I believe much of modern politics, philosophy, and science is constructed to make us forget this unbearable longing — to convince us it’s sex we’re after, or evolutionary advantage, or money, or some other kind of material self-interest. Scalia’s right. It’s love — it always has been, since creation. The fact that she builds her meditation on this simple but difficult truth gives her book substance and power.
For those of us both interested in and appalled by this moment in American politics — for those like me who sometimes look at decent people in political life and wonder how on earth they can do the things they do and say the things they say — Scalia’s chapter on what she calls Super Idols (ideologies) is a small revelation.
Determine that the opposition is not merely wrong but evil, and suddenly mere ideas become glittering certainties. These certainties give us permission to hate and tell us our hate is not just reasonable but pure. If simple idolatry blocks our view of God, the super idol — because it is so highly burnished — makes us think we are seeing God in our hatred.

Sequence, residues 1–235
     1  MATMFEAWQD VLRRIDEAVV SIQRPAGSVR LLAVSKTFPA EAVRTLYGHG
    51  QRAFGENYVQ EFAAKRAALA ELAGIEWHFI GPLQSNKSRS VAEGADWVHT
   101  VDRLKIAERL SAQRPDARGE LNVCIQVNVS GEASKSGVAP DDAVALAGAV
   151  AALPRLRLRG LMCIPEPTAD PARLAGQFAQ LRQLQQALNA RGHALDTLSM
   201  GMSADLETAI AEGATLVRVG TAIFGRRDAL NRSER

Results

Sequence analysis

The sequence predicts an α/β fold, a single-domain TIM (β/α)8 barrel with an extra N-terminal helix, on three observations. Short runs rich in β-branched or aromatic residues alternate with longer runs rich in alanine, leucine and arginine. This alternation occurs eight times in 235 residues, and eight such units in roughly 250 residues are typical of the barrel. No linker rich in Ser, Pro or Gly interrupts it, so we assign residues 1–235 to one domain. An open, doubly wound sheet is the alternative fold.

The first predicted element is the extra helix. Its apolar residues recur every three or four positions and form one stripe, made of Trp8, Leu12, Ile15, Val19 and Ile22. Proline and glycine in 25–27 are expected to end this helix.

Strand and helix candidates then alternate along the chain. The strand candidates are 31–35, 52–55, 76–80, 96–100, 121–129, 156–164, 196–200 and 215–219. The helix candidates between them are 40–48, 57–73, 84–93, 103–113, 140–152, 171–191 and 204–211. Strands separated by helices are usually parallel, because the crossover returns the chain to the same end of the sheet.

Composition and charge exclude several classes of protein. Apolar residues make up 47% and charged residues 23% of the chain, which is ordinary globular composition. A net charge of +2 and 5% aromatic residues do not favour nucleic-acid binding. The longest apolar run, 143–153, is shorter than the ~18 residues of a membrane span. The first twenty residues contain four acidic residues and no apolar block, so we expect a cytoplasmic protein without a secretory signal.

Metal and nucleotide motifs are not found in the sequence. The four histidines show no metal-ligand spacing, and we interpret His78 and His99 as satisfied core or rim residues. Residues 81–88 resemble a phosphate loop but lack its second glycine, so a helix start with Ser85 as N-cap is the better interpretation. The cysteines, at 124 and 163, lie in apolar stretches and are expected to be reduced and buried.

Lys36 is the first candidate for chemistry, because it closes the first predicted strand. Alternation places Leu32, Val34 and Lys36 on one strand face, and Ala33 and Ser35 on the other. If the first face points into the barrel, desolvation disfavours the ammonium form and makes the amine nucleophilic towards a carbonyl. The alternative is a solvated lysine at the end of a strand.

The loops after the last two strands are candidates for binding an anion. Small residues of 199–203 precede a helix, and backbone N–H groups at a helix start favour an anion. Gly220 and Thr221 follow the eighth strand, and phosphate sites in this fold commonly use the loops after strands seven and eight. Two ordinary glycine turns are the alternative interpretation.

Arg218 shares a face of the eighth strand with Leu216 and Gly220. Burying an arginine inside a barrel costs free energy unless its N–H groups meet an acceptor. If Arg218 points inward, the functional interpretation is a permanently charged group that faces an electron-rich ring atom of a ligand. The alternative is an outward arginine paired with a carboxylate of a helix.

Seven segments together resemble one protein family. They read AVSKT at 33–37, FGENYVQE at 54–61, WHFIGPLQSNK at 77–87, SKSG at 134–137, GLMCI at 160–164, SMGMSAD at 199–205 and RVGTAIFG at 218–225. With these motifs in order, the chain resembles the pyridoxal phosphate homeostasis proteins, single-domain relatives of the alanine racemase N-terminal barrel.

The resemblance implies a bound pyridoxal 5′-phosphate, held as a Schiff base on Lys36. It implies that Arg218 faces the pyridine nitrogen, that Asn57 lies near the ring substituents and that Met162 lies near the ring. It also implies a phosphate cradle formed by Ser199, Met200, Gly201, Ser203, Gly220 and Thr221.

It’s easy for me to see how such super-idolatry has led our left-leaning administration into tyrannical corruption and our left-leaning media into willful blindness and dishonesty. Not so easy is acknowledging the prevalence of this tendency in right wingers as well, even, on occasion, some who look uncannily like myself.
But this is what I mean by reorienting the spirit. When we are reminded of such all-too-human errors— in good prose, by a writer of assiduous humility and self-awareness — it dims the bright distractions of our righteous indignation for a little while at least and helps us get our hearts back on course.
This is what good religious writing can do. This is what Strange Gods does. Take time out from the latest all-consuming brouhaha and read it.